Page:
The conclusion of Kocka’s keynote tied in nicely with the starting point of the following lecture by PETER BALDWIN (UCLA/NYU). The lecture focused on the most challenging transformation of our current times: the Covid-19 pandemic and its consequences for public health and the economy. Baldwin proposed to assess countries’ different responses to the pandemic by distinguishing between public health and medical responses to the emergency. Many European nations focused on precautionary principles in the public health response, by imposing strict lockdown and distancing measures. Others, such as the US and the UK, opted for a medical response, i.e. by focusing on the development of medical technology – in this case, vaccines. This shows a different attitude towards risk-taking: the precautionary principle is clear about avoiding risk, but unclear on how to balance different risks between them. Examining the role of democratic decision-making, Baldwin problematized the question of citizens’ compliance to restrictive policies, and the breach of their civil liberties to do so. In particular, he highlighted the difficulty that multicultural democracies face with the combination of compulsory policies, and persuasion. As he concluded, it appears that modern democracies cannot fully rely on the compliance of a perceived culturally homogeneous citizenry. Though convincing in its analysis of different responses, the talk fell short on defining exactly what it meant as “multicultural democracies”.
In the third keynote lecture, ADAM TOOZE (Columbia University) discussed the role of financial crises in transformation. After a brief opening on the history of financial crises, Tooze challenged the rather common narrative that reduces the history of market finance as an issue of market psychology, as an emotional and irrational reaction of the markets to external factors. Drawing upon principles of critical macro-finance, which links the domains of macroeconomics and financial economics, he questioned the assumption that financial crises are characterised by recognizable and repeatable patterns. Rather, financial crises differ in nature and scope, and these differences shape economic transformation. Tooze then provided a critical review of recent scholarship that views financialization – rather than financial crisis – as the main force that has driven major transformations in the second half of the 20th century. Financialization sped up the end of industrial capitalism in the 1970s. Tooze critically assessed this understanding, by questioning whether it is helpful to characterize an entire epoch in terms of one limited dimension of capitalist development, i.e financialization. Further, he problematized a Eurocentric view of the period of de-industrialization as signalling a global shift away from industrial capitalism, when it actually started a new era of industrialism in developing countries. The keynote concluded with a reflection on the possible financial outcomes of low carbon emission policies.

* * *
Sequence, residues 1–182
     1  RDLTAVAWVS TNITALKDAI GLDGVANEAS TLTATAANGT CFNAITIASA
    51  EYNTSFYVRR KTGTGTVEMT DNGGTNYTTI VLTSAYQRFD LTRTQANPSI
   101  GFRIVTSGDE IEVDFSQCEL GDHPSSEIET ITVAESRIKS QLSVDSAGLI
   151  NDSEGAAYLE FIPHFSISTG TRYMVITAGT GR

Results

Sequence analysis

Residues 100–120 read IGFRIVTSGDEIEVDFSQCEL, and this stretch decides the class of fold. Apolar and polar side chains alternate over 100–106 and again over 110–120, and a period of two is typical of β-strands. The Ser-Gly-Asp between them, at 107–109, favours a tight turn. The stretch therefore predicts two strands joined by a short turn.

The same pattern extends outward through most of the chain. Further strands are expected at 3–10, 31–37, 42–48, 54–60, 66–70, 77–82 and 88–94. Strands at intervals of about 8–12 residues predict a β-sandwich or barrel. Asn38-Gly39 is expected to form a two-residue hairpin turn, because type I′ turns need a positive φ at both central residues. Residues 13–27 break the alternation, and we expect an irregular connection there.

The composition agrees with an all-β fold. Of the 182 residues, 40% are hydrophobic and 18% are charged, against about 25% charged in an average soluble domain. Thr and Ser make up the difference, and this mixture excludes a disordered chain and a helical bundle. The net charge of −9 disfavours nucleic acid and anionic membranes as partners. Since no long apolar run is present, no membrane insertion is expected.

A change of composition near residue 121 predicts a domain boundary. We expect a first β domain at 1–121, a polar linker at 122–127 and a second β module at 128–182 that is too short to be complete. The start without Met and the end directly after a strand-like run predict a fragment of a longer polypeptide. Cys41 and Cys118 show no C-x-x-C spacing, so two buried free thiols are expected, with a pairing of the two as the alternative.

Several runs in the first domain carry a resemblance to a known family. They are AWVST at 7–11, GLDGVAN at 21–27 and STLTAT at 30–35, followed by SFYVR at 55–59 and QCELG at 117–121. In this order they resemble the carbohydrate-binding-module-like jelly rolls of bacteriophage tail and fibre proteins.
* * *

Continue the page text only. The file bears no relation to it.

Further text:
Reflecting on transformation and the erosion of democracy, ANNA GRZYMALA-BUSSE (Stanford University) tackled the question of the post-1989 democratic transformations of Eastern Europe, and the current erosion of the liberal democracies that were established in the region after the collapse of socialist regimes. As she argued, the end of state-socialism saw the promise of a “return to Europe” and of a liberal consensus that, when disappointed by the very liberal parties that emerged from the ashes of communism, created the illiberal reaction visible today in most of the former socialist Eastern Europe. Signalling a turn away from social democrats and liberal democrats, illiberal parties in the region have turned their criticism towards liberal elites, and are targeting formal institutions, informal norms of tolerance, and politics of identity. As Grzymala-Busse argued, illiberal trends in the region are a result of voters’ disappointment with liberal parties.
Much like in Jürgen Kocka’s excursus on the long history of capitalism, the talk by Grzymala-Busse also could have addressed with more depth elements of class and gender, and how they intersect within the history of capitalist and liberal transformation.